What do we do when we are confronted with a problem? Problem solving begins when we encounter a new experience. We do this out of necessity, but also because we enjoy it. We also need to be able to solve problems fast. We develop our ability and willingness (including on a political level) to identify, analyze, and solve problems. We accept that tackling problems is painful. It involves risk-taking that may not be supported by the organization. Yet so much of how we learn and grow stems from such experiences.
We know that our organization does not necessarily recognize – much less reward – uncovering problems. We need our line management and leadership to support this willingness to tackle problems. Even with supportive management and great colleagues, in many cases we are alone in confronting a problem, if only due to resource and time constraints. Yet we know that our ability to solve problems depends on the quality, depth and meaning of our connections to others.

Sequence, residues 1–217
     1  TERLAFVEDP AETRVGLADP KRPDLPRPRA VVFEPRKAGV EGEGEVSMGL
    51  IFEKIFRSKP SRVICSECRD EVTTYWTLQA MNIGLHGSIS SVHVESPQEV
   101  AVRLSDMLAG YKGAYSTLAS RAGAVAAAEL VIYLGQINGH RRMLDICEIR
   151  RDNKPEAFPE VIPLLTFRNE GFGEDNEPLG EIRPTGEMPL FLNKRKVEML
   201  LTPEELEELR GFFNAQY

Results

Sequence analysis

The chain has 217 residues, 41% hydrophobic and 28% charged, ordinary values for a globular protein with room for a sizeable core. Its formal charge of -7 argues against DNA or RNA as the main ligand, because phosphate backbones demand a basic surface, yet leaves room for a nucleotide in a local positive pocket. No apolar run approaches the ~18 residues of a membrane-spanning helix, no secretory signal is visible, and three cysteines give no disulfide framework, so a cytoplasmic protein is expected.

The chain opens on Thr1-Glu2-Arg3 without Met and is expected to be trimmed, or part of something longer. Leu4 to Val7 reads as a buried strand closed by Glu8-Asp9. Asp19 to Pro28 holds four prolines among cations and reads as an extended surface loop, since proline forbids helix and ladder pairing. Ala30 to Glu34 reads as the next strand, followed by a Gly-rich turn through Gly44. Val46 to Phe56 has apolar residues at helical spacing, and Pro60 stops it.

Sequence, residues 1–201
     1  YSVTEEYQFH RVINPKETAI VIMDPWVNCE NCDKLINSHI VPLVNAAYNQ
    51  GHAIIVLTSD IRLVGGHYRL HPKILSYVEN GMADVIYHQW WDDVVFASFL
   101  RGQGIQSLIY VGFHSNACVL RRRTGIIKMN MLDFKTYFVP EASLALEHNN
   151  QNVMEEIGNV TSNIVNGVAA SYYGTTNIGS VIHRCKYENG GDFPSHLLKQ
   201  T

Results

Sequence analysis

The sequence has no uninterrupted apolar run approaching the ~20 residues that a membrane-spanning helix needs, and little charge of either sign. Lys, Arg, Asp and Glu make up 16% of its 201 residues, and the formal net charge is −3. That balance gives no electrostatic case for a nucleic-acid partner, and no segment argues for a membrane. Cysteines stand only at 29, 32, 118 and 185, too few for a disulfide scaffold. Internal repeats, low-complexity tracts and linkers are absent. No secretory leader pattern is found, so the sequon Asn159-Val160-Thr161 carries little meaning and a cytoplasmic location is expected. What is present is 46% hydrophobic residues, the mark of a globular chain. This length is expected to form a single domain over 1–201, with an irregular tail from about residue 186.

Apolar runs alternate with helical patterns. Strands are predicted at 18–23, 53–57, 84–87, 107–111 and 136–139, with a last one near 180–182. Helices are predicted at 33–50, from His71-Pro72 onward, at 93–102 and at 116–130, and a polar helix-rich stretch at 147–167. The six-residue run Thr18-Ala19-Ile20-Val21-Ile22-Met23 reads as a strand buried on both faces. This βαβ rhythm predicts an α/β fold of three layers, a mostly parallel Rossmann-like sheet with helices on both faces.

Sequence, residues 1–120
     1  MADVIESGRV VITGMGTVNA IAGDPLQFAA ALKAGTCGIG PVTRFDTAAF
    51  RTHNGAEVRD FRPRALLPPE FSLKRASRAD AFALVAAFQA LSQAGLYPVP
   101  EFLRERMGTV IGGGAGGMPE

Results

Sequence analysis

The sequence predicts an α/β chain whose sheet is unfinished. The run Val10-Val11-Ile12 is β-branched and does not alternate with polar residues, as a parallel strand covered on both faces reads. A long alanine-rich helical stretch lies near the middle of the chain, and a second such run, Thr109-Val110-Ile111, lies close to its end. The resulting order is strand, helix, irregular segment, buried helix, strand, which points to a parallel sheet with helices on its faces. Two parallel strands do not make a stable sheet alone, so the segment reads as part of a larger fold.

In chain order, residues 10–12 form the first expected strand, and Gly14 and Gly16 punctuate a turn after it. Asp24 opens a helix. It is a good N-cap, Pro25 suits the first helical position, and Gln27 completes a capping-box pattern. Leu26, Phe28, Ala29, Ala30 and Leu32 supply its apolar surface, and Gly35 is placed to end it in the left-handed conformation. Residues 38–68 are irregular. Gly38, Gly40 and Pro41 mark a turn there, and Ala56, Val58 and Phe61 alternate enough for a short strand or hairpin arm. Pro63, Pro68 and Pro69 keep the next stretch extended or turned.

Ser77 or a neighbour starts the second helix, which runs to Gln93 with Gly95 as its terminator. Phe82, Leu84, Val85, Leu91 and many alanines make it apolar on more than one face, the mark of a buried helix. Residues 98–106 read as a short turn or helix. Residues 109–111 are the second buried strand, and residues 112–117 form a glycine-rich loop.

We strive to reframe our problems by questioning our assumptions and those of others. The way in which we frame our understanding of a problem and the degree to which we are open to re-framing that view depends on the context and the organization. Our organization’s culture and pressures, including time and resource constraints, may reinforce our reluctance to take time out to reframe, rethinking, and reconsider.
Photo: Casse-tête (Frédérique Voisin-Demery/flickr.com)